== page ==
The teaching of the Church on marriage is based on a wide range of arguments – biblical, theological, moral, cultural and ethical. Indeed, it is consistent with the majority Anglican moral thinking across the globe and the witness of the wider Christian Church in both this and every other age.
In this vein, we deeply regret the portrayal of the trajectory of Anglican moral theology as being in the direction of change, and the great disservice done to the 2004 BCP Marriage Liturgy to promote this view.
Further, we simply cannot agree that the will of General Synod in 2012 is open to interpretation. A great strength of Anglicanism is that its unity is synodical, liturgical and episcopal. To disrespect the will of Synod, and wilfully misrepresent the meaning of the Marriage Liturgy, to promote a contrary view, is not befitting of the role of bishop and is indicative of the sort of moral and theological inconsistency that is destructive for the ongoing debate within the Church and within society.
Within a secular democracy, Christian people can, and should, have the confidence to speak for the Christian view on marriage as being for the common good of all, without fear of negative stereotype, pejorative label, or the accusation that they are acting without Christian charity or grace.
We commend the Christian view of marriage for the good of the Irish people in the upcoming referendum.
Joanne Megarrell, Church of Ireland Evangelical Fellowship
David McClay, New Wine Ireland
Tim Anderson, Reform Ireland
William Press, Evangelical Fellowship of Irish Clergy
AS FAITHFUL members of the Church of Ireland, we wish to reaffirm the historical, orthodox teaching of the Church concerning marriage and to refute the erroneous teaching espoused in recent days by some senior clergy within our denomination on this issue. The teaching of Holy Scripture is plain, simple and clear on this issue and at General Synod in 2012 the synod overwhelmingly affirmed this teaching by resolving:
“The Church of Ireland affirms, according to our Lord’s teaching that marriage is in its purpose a union permanent and lifelong, for better or worse, till death do them part, of one man with one woman, to the exclusion of all others on either side, for the procreation and nurture of children, for the hallowing and right direction of the natural instincts and affections, and for the mutual society, help and comfort which the one ought to have of the other, both in prosperity and adversity.”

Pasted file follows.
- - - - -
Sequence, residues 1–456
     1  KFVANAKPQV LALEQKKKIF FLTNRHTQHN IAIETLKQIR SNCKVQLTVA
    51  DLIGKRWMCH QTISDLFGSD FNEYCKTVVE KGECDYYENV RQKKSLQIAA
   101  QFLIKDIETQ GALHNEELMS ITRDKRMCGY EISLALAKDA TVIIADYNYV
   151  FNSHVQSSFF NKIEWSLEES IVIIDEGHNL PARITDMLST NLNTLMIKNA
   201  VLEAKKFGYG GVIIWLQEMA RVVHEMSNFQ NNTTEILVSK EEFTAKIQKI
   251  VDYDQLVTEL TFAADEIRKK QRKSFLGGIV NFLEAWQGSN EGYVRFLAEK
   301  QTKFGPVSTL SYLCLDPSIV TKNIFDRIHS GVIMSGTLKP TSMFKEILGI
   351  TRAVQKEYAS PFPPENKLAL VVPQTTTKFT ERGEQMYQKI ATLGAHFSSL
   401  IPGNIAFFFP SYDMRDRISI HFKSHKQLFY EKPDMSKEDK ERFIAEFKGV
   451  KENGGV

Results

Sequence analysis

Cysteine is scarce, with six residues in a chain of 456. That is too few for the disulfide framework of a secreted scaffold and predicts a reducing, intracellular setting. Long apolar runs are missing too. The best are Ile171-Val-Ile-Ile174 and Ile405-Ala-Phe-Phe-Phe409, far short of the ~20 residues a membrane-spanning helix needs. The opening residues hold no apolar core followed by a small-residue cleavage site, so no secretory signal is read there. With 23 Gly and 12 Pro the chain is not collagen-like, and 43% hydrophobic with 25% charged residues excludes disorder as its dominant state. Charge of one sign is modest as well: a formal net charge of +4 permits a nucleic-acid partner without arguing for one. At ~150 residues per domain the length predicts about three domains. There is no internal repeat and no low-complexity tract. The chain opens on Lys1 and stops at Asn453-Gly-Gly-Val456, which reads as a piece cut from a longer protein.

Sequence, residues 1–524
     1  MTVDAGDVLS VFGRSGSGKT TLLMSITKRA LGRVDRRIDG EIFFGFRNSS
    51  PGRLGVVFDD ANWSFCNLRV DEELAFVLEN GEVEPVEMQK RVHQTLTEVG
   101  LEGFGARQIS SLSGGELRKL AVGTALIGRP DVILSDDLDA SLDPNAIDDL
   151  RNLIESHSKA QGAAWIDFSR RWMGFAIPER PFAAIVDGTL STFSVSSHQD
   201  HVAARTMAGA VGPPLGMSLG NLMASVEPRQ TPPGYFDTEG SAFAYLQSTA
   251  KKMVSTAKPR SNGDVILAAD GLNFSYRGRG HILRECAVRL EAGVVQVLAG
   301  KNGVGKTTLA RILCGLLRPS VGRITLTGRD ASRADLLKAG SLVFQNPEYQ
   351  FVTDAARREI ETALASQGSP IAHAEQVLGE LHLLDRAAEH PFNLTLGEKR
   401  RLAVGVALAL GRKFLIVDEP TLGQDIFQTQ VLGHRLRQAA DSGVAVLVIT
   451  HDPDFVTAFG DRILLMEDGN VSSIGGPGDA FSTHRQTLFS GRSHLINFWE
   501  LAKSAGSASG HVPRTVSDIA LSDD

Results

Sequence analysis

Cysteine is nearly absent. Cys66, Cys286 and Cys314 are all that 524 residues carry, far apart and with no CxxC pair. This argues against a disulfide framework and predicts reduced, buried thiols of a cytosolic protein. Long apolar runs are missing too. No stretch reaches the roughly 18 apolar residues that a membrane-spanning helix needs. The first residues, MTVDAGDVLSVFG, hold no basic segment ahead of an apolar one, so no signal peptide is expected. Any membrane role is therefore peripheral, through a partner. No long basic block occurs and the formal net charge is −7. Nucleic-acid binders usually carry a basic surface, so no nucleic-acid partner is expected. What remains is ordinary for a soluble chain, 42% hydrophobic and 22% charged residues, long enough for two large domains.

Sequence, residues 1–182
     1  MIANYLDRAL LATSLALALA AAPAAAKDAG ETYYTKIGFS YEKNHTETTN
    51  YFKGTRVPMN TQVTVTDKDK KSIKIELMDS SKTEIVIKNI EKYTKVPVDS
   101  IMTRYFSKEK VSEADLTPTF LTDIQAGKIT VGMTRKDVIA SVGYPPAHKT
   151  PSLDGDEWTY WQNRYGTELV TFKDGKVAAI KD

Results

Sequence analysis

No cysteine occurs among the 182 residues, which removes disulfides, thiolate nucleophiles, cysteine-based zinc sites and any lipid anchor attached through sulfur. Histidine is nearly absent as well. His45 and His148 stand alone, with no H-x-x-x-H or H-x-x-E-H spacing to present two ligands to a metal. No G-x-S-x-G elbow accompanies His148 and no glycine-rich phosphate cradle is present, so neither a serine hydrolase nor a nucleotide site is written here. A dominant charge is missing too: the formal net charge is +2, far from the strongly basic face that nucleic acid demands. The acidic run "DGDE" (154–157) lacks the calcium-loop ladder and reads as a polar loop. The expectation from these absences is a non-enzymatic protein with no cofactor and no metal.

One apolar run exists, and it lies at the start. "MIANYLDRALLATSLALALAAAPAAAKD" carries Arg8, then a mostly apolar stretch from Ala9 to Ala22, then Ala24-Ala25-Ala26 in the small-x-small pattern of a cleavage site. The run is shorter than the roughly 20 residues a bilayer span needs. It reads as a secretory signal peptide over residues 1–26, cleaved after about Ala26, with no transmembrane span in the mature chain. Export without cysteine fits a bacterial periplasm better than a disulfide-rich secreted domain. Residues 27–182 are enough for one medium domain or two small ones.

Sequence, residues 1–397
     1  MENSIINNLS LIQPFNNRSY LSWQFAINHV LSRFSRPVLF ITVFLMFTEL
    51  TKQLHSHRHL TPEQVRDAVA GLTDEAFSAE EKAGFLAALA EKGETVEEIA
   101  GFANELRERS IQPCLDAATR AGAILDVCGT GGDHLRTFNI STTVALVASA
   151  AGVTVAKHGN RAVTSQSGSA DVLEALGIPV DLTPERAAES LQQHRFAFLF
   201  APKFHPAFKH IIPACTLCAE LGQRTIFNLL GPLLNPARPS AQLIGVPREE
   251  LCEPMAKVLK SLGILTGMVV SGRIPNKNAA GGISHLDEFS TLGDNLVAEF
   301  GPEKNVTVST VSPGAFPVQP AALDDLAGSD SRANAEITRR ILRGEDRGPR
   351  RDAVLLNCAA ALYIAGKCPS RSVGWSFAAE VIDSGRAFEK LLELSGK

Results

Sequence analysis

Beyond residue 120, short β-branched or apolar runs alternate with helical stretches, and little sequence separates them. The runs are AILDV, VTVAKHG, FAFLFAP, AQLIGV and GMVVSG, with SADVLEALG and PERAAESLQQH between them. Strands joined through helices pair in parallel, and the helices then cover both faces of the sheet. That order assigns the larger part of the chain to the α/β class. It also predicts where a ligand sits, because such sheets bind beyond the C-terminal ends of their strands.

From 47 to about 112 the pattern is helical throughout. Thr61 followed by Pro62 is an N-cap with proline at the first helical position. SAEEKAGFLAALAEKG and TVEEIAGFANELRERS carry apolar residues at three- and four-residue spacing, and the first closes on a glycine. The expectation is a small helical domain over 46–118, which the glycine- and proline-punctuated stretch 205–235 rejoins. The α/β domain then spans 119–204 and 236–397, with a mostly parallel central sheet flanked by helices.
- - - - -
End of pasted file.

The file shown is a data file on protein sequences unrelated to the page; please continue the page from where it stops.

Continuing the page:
The resolution further states: “The Church of Ireland recognises for itself and of itself, no other understanding of marriage than that provided for in the totality of Canon 31. The Church of Ireland teaches therefore that faithfulness within marriage is the only normative context for sexual intercourse. Members of the Church of Ireland are required by the Catechism to keep their bodies in ‘temperance, soberness and chastity’. Clergy are called in the Ordinal to be ‘wholesome examples and patterns to the flock of Jesus Christ’.”
By this resolution, the General Synod declared very clearly that heterosexual marriage was and is the God-ordained sphere for sexual relationships and is alone the ‘normative’ context for such relationships.
In recent days, two Irish bishops have publicly declared and taught contrary to the plain teaching of Scripture and to the teaching of the Church of Ireland. This is despite the vows and promises made at their ordination and consecration to uphold the Church’s teaching and to refute error. We believe that they are now themselves teaching error and we call on them to repent of this and to teach what the Church has taught about marriage according to Scripture.
Alan McCann (The Revd Dr), Tim Anderson (The Revd), Brian Blacoe (The Revd Canon), Peter Bourke (The Revd), Stanley Bourke (The Revd Canon), Trevor Cleland (The Revd), Donard Collins (The Revd), Craig Cooney (The Revd), Edmond Coulter (The Revd), Colin Davis (The Revd), Alastair Donaldson (The Revd), Paul Dundas (The Revd), William Farr (The Revd), Geoffrey Haugh (The Revd), Trevor Johnston (The Revd), Bryan Kerr (The Very Revd), Norman Jardine (The Revd Canon), Cameron Jones (The Revd), David Luckman (The Revd), Mark McConnell (The Revd), James McMaster (The Revd), Ken McReynolds (The Revd Canon), Bryan Martin (The Revd), David Martin (The Revd), Gary Millar (The Revd), William Nixon (The Revd), Alan Peek (The Revd), John Pickering (The Revd), Christopher Pierce (The Revd), William Press (The Revd), Robert Robinson (The Revd), Brian Russell (The Revd), Roy Taylor (The Revd), Paul Whittaker (The Revd).